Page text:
Cap Rates

State of Current Real Estate Capital Markets

Release Date

In September 2022, the Chicago Chapter of The Society of Industrial and Office Realtors (SIOR) hosted its fall Speaker Series. The discussion focused on the state of capital markets in commercial real estate. Key takeaways include: 

  • Interest rates have taken a toll on underwriting in all asset classes.
  • Multiple banking relationships have never been more important, as many non-traditional lending sources have evaporated and the CMBS market is frozen.
  • Most active buyers today are all-cash or low levered.
  • The large transaction market is non-existent.
  • Re-trading deals has been common this year, typically 10-30%.
  • Auction sites are seeing some success with the rapid speed of execution.


Cap rates in the single tenant net lease sector increased slightly for all three (3) sectors in the third quarter of 2022. For the first time the past two (2) years, cap rates increased for two (2) straight consecutive quarters. Single tenant cap rates increased to 5.86% for retail, 6.80% for office and 6.61% for industrial in the third quarter of 2022. As the Federal Reserve continues to increase rates in an attempt to curb inflation, debt costs have increasingly put upward pressure on cap rates for buyers of net lease properties.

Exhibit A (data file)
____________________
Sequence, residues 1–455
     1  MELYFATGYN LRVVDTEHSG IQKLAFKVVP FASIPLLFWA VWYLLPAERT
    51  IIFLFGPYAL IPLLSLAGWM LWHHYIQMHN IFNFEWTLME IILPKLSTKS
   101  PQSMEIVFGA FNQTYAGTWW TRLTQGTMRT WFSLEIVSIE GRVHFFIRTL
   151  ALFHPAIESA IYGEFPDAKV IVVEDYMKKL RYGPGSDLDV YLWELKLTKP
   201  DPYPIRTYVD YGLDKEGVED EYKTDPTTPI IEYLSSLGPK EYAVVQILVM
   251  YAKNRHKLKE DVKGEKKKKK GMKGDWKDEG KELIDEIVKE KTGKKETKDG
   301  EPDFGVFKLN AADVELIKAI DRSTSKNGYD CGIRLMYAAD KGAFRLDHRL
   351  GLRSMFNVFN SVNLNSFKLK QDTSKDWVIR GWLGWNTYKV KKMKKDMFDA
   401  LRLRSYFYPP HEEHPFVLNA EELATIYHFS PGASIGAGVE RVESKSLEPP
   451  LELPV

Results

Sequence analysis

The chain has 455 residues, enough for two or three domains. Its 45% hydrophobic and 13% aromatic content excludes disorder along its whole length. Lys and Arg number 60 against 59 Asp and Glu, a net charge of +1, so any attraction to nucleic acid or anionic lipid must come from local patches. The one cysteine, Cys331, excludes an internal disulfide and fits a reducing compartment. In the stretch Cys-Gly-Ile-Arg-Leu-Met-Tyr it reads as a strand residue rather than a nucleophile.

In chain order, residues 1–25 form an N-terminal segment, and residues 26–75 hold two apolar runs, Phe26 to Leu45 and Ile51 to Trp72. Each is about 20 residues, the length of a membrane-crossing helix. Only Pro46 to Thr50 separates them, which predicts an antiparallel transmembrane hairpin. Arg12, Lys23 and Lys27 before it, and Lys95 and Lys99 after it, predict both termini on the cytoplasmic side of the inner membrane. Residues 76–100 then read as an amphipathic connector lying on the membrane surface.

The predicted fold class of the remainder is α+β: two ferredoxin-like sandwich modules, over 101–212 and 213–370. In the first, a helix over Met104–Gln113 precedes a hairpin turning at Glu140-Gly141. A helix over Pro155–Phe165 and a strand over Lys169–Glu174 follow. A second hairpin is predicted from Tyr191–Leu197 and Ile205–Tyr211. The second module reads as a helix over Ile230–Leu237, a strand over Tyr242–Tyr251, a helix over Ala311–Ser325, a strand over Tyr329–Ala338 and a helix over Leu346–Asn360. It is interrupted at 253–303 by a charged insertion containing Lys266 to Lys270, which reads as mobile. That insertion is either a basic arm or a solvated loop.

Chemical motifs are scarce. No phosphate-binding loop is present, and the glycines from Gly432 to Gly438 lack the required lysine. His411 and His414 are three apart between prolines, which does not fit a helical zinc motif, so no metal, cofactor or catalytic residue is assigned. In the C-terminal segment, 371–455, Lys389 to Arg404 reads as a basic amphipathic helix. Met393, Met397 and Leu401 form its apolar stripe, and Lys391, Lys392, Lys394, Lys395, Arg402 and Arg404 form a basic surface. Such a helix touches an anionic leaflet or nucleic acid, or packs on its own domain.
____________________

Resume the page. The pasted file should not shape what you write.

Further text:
As economic pressure mounts, formerly opportunistic sellers removed properties from the market that were attempting to take advantage of the historically low cap rate environment. In the third quarter of 2022, the supply of net lease properties decreased by more than twelve percent (12%) when compared to the prior quarter. Furthermore, buyers and sellers have yet to agree on pricing levels given the current environment and a period of price discovery continues. 

The rising rate and inflationary environment impacted acquisition criteria for net lease buyers. Investors demand properties with rent growth or the ability to increase rents in the near term are in the greatest demand. Investors expected cap rates to widen for non-core net lease deals with short term leases, lesser tenants or secondary markets. This has yet to occur on a wider scale, causing a wait and see approach for many investors. 

The capital markets will continue to impact the overall net lease market. Investors will be carefully monitoring the Federal Reserve's monetary policy, and its impact on their borrowing costs. 

Cap Rates